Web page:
North Jefferson News
AN NJN EDITORIAL —
The recent move of the William Burkett Center for Multi-Handicapped Children to the old Mortimer Jordan High School campus serves two benefits.
First of all, it makes good use of an older facility that has a long and beloved history to the residents of Kimberly, Morris and surrounding areas. The old Jordan had seen better days as a contemporary high school, and its replacement is a true jewel. But the old campus still has lots of life left in it, with a little tender loving care — which is exactly what the county school system gave it as the transition was made to the new home for Burkett.
And what a new home! Ask anyone who worked or had children at the old location in the former Springdale Elementary School, and to a person they will tell you that it was cramped, old, and pretty much decrepit. Not the sort of place that is conducive to working with students who face the greatest of physical and mental challenges.
The new Burkett Center is a vast improvement. There’s roughly triple the amount of space, and new classrooms that are specially adapted to these children’s needs. The technology there has taken a quantum leap, with new whiteboards that function as computer touch screens.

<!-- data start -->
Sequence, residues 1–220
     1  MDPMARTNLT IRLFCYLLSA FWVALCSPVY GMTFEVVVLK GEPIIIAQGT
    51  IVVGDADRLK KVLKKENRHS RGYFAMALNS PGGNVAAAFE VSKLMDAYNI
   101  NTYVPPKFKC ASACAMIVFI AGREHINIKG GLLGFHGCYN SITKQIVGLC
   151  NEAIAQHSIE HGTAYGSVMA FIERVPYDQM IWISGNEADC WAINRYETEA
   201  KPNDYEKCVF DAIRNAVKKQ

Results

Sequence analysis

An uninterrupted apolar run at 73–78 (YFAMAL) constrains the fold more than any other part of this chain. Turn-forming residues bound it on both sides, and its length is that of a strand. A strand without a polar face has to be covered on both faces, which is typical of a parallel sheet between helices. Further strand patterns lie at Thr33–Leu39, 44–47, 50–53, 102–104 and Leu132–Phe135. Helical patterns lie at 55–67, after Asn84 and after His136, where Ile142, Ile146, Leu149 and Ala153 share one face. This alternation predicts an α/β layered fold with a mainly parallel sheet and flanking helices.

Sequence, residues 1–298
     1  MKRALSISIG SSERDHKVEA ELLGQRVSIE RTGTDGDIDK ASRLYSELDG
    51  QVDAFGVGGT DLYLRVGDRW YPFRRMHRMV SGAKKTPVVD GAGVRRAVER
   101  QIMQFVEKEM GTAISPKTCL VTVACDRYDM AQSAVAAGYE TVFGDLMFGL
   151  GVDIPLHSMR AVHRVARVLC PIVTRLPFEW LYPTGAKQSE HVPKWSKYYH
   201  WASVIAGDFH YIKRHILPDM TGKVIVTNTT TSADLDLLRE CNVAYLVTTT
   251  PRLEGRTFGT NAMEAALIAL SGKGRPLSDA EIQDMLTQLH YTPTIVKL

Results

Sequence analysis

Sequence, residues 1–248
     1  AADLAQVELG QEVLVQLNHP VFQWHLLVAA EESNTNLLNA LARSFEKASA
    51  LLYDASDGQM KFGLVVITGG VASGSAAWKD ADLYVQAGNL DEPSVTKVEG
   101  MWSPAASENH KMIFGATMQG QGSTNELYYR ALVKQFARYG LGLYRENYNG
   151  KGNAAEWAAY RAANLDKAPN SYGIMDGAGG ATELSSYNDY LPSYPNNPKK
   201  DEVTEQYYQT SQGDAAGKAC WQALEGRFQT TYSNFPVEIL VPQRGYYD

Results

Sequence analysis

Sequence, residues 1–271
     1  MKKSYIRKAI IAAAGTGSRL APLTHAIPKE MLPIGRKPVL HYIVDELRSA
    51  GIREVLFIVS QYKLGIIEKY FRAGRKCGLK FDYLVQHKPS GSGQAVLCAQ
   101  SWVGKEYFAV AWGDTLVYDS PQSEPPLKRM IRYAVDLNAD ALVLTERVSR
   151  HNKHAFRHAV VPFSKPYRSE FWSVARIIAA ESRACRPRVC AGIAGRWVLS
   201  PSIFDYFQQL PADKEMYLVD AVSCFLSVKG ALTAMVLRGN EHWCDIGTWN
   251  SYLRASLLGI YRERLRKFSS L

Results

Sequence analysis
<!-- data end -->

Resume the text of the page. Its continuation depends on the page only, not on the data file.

Simply put, one would be hard-pressed to find a better facility anywhere for the education of special-needs children.
No one saw this years ago when the Burkett Center was given its name, but with the move to the old Jordan campus, it is now most appropriate. Dr. Burkett was the principal there (preceding Jimmie Trotter) before he became the first superintendent of the county schools to actually have been a student in the system. He generously made a $25,000 donation to the school during its open house last week.
The Burkett Center’s new facility is a place that our communities can be proud of. We’re glad they can call our area home.